Snapchat tells you when someone has taken a screenshot of your snaps. It’s a long standing feature of the social app and it adds an extra bit of security for users. Since snaps disappear right after they’ve been viewed, people do try and take screenshots. With iMessage, if you send pictures, there’s no taking it back and they don’t expire. Blur is a free iMessage app that basically brings the best photo sharing features from Snapchat to iMessages. You can send blurred out photos that expire after a few seconds, and you can get a screenshot alert for pictures sent over iMessages.
Screenshot Alert For Pictures Sent Over iMessage
Blur is basically a secure way to send photos over iMessage. Granted, you can use Snapchat to do this but if you don’t feel like signing up for another social media app, this is a reasonable option. Install Blur and allow it access to your camera and photos.
In order to send self-destructing photos, to blur them out, and to get a screenshot alert for pictures sent over iMessage, you have to use Blur to send the photos. You cannot send them by tapping the camera icon next to the text input field in the Messages app. Open a message thread and tap the App Store icon and then the Blur app icon from the app drawer at the bottom.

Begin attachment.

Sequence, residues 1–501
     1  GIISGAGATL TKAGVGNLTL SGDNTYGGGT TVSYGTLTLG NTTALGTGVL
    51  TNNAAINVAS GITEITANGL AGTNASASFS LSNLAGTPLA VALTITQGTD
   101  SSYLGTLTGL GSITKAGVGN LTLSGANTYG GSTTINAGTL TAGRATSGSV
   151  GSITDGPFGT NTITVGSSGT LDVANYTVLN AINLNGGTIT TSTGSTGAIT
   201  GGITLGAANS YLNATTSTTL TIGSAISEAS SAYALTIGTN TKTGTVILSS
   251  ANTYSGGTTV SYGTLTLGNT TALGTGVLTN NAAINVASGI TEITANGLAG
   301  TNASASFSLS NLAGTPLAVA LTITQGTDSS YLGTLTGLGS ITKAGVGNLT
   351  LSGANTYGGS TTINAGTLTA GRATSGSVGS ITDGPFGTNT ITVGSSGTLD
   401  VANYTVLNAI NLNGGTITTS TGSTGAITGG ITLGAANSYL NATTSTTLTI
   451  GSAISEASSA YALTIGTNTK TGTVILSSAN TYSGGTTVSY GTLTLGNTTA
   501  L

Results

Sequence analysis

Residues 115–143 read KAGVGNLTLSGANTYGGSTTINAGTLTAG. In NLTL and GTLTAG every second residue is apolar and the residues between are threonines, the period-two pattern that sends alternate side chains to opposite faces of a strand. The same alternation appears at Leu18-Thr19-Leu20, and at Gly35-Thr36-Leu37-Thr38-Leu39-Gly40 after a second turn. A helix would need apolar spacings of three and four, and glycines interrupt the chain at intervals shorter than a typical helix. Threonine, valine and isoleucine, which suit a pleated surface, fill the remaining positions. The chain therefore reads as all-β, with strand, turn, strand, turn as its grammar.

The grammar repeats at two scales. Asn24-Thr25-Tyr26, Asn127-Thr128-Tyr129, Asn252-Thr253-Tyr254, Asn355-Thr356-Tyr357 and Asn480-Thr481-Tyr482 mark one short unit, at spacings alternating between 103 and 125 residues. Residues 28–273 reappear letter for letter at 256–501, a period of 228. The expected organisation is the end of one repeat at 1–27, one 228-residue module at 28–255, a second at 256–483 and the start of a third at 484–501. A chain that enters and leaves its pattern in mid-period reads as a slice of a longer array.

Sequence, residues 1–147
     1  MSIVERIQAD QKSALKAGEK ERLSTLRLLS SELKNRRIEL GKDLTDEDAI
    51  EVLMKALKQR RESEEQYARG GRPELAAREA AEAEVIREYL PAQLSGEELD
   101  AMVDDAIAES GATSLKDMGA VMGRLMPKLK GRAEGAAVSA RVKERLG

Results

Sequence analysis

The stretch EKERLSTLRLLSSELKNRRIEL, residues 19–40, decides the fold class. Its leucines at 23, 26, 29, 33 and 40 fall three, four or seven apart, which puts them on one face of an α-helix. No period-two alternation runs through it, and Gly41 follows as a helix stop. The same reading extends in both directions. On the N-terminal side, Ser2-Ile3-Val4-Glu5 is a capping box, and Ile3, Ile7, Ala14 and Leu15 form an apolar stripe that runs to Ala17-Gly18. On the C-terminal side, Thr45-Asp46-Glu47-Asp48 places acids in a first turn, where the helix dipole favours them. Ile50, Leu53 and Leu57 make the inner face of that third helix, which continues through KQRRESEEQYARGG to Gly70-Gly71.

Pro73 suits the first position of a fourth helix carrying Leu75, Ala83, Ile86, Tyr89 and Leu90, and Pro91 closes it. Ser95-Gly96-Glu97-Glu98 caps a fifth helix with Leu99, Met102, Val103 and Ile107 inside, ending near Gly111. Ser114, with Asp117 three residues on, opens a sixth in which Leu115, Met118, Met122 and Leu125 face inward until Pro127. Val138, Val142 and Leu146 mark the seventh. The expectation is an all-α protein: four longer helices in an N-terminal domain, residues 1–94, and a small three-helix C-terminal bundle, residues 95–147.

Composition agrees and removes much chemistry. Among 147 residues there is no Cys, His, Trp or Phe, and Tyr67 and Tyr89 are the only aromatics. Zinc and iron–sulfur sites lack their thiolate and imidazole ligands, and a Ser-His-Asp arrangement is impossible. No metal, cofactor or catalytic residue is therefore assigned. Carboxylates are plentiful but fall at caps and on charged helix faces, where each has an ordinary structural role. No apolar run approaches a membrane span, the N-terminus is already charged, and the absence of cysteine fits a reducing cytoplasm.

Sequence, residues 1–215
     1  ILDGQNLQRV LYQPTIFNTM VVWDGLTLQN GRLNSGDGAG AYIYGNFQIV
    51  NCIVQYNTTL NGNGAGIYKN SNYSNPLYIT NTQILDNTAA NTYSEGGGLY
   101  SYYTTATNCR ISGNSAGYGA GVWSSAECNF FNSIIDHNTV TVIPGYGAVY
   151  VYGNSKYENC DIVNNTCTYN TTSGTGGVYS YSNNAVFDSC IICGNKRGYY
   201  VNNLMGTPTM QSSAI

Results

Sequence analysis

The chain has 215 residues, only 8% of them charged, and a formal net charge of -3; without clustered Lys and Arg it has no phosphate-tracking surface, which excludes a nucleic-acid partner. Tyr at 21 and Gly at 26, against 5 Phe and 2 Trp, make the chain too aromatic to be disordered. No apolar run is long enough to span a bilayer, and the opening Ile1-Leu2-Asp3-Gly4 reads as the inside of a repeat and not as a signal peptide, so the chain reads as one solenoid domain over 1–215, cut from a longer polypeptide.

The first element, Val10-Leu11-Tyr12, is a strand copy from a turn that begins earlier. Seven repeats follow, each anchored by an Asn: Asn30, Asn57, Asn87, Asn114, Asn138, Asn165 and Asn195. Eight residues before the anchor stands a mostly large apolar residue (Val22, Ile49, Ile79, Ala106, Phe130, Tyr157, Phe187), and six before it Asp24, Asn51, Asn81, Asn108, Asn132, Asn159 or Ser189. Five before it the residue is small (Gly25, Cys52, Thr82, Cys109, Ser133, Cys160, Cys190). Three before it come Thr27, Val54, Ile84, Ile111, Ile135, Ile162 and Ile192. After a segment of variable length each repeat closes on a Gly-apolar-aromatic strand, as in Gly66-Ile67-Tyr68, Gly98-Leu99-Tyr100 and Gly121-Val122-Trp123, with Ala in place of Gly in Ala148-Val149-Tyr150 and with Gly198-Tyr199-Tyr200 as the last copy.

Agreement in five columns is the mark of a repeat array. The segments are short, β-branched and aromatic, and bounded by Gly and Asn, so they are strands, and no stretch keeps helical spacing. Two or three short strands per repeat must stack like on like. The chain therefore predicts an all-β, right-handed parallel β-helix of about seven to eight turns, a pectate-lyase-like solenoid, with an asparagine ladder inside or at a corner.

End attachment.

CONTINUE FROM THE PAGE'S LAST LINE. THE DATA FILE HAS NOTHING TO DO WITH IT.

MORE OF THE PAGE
Select a photo from your camera roll. If you want the photo to expire after a few seconds, tap the bomb icon. You can set an expiry period of 3, 5, and 10 seconds. The photos will blur regardless if you set an expiry period. Tap the check mark button and then send the photo.
Your recipient will receive a blurred out photo. They will have to tap it to view the unblurred version. The photo stays in its container and if your recipient takes a screenshot, they will get an alert saying ‘it’s not nice to take screenshots’. On your end, you have a feed that tells you when a screenshot was taken. Tap the little Blur bar to see who has taken a screenshot.
A Very Big Caveat
Your recipient cannot view the photo you’ve sent unless they too install the Blur app. Again, the app is free so you’re not exactly asking anyone to splurge on an app but it’s a good idea to let a recipient know in advance that they need to install the app. It’s likely they might think the photo is malicious or the app they are being asked to install is dodgy.